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Publication numberUS5880418 A
Publication typeGrant
Application numberUS 08/975,137
Publication dateMar 9, 1999
Filing dateNov 20, 1997
Priority dateNov 20, 1997
Fee statusLapsed
Publication number08975137, 975137, US 5880418 A, US 5880418A, US-A-5880418, US5880418 A, US5880418A
InventorsL. D. Livesay
Original AssigneeLivesay; L. D.
Export CitationBiBTeX, EndNote, RefMan
External Links: USPTO, USPTO Assignment, Espacenet
Method and apparatus for a multi-function manual controller
US 5880418 A
Abstract
Right and left handpieces have five manually operated control switches each and are pivotally connected, face-to-face, with contactors in each handpiece face contacting contacts in the other to provide a plurality of sets of discreet signals as the handpieces are pivotally repositioned.
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Claims(6)
I claim:
1. Apparatus for providing a multiplicity of discreet control signals comprising:
first and second handpieces opposed along a plane of mutual contact;
a pivotal connection to allow positioning of said handpieces along said plane of mutual contact in a plurality of discreet angular relationships;
a series of first contactors mounted in said first handpiece at said plane of mutual contact, and a series of second contactors mounted in said second handpiece at said plane of mutual contact;
a first series of first contacts mounted in said first handpiece, each said first contact contacting one of said series of second contactors when said handpieces are in a first said discreet angular relationship and a first series of second contacts mounted in said second handpiece, each said second contact contacting one of said series of first contactors when said handpieces are in said first said angular relationship; and
a second series of first contacts mounted in said first handpiece, each contacting one of said series of second contactors when said handpieces are in a second said angular relationship and a second series of second contacts mounted in said second handpiece, each contacting one of said series of first contactors when said handpieces are in said second said angular relationship.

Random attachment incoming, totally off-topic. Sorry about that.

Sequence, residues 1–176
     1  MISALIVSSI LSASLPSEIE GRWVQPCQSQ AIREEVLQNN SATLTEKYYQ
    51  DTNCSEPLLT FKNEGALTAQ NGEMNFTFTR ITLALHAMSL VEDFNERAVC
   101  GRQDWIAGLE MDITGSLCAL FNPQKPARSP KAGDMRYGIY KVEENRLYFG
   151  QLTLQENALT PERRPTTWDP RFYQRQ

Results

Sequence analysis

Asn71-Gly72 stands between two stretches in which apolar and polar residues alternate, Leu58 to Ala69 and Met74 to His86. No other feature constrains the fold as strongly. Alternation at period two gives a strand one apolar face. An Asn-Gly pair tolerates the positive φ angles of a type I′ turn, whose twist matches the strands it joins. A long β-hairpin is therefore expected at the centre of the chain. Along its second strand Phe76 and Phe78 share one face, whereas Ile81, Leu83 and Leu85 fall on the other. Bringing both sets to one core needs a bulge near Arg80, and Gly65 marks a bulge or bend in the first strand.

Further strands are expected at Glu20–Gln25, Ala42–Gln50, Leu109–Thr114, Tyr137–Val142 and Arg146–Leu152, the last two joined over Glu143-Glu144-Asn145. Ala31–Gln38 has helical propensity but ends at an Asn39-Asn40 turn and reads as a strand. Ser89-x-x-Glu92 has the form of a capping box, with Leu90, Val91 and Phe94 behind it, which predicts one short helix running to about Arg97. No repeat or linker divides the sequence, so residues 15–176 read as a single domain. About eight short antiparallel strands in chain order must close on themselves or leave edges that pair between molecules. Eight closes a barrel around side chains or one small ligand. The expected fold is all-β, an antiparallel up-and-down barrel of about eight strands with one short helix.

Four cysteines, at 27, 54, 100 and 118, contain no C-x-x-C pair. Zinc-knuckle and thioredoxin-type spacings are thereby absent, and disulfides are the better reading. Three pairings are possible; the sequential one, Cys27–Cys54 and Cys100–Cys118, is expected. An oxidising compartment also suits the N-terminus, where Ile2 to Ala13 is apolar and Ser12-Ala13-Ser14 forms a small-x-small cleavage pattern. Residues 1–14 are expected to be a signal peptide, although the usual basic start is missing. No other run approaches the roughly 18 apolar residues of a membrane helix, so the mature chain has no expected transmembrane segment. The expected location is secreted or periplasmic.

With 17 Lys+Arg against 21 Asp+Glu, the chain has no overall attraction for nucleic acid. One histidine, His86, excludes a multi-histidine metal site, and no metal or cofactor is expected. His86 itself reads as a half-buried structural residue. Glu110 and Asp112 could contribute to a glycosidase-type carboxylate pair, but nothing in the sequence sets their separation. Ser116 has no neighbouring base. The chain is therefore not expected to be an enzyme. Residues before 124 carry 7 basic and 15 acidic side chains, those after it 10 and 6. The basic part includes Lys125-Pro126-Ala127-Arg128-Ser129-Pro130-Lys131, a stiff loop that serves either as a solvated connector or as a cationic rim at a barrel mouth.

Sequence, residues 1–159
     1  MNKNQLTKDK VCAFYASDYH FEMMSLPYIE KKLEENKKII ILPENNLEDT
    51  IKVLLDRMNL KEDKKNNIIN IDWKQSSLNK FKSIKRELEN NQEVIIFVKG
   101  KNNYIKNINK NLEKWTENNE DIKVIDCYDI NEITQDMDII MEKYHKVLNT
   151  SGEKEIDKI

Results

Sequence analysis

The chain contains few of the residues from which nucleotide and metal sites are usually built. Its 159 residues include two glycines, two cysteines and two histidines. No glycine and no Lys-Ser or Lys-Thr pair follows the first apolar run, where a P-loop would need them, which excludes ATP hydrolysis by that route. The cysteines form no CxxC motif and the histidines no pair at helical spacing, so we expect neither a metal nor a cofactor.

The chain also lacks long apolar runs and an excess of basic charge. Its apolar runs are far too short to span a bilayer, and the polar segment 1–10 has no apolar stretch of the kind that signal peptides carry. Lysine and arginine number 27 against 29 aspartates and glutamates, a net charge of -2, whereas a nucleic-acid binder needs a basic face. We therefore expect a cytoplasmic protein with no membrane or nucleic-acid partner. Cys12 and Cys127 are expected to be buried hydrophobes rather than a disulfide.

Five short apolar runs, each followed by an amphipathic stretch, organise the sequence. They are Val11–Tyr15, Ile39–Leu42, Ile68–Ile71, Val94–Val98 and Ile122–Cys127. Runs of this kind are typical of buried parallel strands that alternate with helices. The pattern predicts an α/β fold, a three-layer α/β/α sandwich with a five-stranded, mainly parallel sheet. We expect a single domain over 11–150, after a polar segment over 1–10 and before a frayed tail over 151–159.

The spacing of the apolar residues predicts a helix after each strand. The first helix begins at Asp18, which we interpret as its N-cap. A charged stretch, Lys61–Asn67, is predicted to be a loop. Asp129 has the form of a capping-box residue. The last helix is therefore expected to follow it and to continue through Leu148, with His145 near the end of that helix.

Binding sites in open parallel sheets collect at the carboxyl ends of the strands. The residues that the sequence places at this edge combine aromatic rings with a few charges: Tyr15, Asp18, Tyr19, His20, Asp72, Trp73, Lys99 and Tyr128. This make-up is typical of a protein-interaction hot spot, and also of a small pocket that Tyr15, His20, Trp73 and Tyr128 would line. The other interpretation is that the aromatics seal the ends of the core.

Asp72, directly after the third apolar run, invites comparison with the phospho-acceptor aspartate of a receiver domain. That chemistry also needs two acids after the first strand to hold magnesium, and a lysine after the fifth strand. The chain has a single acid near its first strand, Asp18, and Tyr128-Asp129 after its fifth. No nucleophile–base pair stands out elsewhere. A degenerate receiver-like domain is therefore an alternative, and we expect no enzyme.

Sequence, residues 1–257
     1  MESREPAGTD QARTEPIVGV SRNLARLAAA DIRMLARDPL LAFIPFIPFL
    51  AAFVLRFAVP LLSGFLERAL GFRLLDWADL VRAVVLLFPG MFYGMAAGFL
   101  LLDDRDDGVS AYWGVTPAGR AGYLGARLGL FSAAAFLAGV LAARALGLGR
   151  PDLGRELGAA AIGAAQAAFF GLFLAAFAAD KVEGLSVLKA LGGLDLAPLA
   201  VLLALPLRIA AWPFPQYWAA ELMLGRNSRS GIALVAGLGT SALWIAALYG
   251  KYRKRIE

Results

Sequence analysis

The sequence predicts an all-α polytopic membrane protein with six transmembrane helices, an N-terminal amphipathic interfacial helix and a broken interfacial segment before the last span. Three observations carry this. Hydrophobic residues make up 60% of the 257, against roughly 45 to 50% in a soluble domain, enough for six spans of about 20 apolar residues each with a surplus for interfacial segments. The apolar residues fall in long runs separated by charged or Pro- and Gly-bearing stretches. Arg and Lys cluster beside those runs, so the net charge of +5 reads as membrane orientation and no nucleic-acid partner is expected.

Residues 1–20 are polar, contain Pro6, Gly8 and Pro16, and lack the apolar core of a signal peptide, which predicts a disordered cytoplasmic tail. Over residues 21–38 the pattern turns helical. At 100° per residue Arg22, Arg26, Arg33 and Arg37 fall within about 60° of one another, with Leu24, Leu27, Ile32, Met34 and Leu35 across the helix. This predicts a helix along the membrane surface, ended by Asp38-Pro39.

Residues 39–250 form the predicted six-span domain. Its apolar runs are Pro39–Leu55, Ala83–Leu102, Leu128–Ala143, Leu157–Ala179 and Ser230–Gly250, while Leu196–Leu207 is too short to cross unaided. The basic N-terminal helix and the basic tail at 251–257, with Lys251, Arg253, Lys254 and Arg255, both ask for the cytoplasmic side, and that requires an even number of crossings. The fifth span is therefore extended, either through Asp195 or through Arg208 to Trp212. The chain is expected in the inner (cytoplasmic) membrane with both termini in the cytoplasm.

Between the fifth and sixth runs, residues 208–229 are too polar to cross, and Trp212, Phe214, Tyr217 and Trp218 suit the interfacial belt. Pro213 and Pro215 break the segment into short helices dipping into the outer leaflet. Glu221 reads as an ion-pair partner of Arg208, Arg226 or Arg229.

2. Apparatus for providing a multiplicity of discreet control signals according to claim 1 and further comprising:
a third series of first contacts mounted in said first handpiece, each contacting one of said series of second contactors when said handpieces are in a third said angular relationship and a third series of second contacts mounted in said second handpiece, each contacting one of said series of first contactors when said handpieces are in said third said angular relationship.
3. Apparatus for providing a multiplicity of discreet control signals according to claim 2 and further comprising:
a fourth series of first contacts mounted in said first handpiece, each contacting one of said series of second contactors when said handpieces are in a fourth said discreet angular relationship and a fourth series of second contacts mounted in said second handpiece, each contacting one of said series of first contactors when said handpieces are in said fourth said discreet angular relationship.
4. Apparatus for providing a multiplicity of discreet control signals comprising:
a first handpiece including a series of first manually operable switches and a planar first face;
a series of first contactors mounted in said first face, each said first contactor being connected to a separate first switch;
a plurality of sets of first contacts mounted in said first face;
a second handpiece including a series of second manually operable switches and a planar second face;
a series of second contactors mounted in said second face, each said second contactor being connected to a separate second switch;
a plurality of sets of second contacts mounted in said second face;
connecting means joining said first handpiece to said second handpiece for relative movement with respect thereto so that said first face is adjacently parallel and opposed to said second face in a first position, with each of said first contactors in contact with one of a first set of second contacts and each of said second contactors in contact with one of a first set of first contacts; and